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Sea vampires


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The precept of “the big fish eats the small fish” is not always true in the sea. The methods for obtaining food are as varied as the great diversity of forms that inhabit the aquatic world. But undoubtedly, among the strangest animals is the lamprey.

This small fish is a parasite that resembles an eel in shape. It has a strange mouth that lacks jaws but is equipped with 125 sharp teeth with which it attaches itself to the body of its victim, from which it gradually absorbs all its vital fluids through a serrated hole on its tongue, until the attacked animal dies and the lamprey leaves in search of a new host.

Once the lamprey attaches itself to a fish, there is no escape for the victim. There is no way to get rid of the aggressor. The predator manages to keep the victim’s blood in a liquid state through an anticoagulant substance present in its saliva.

The physical characteristics of the lamprey are no less surprising than its feeding method. It lacks a brain and a spinal cord, in fact, it only has a limited amount of nervous tissue. They also lack a skeletal system. They appear as a shapeless mass of protoplasm held together by thick skin. Although they can swim quickly using undulating body movements, they usually travel attached to their victims or remain adhered to rocks on the seabed.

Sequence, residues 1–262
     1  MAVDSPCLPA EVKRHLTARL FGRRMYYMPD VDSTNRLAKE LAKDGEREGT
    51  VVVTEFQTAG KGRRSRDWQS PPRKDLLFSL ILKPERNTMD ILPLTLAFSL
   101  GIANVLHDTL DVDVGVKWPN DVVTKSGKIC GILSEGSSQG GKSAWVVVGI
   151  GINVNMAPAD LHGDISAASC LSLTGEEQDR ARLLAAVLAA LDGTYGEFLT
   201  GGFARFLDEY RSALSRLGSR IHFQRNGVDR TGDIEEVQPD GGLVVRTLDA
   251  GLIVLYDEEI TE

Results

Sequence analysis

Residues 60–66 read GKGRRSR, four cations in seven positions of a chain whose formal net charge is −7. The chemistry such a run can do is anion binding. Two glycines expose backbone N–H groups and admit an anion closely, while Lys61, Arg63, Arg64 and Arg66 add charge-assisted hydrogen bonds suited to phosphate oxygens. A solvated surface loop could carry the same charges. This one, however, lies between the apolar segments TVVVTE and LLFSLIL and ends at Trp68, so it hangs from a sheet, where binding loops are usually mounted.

During reproduction, they travel to freshwater to spawn, and they can even ascend small waterfalls by attaching themselves to rocks with their oral disc. Once they find the suitable spawning site, the male and female combine their efforts to prepare the nest. They use stones carried in their mouths to create a concavity about ninety centimeters in diameter and fifteen centimeters deep. Inside this nest, the female deposits 200,000 eggs, while the male, coiled around her, fertilizes the nest with sperm. After this encounter, both of them die.

In the Middle Ages, lampreys were considered an exquisite dish, worthy of the highest diners, and they were used to entertain them. It is quite common for a diver exploring the seabed to see a fish with a lamprey attached to its side. It is somewhat sad to know that it is definitively condemned, but such is the game of life. This is what we often call “balance.”

“You cannot defend what you do not love, and you cannot love what you do not know.”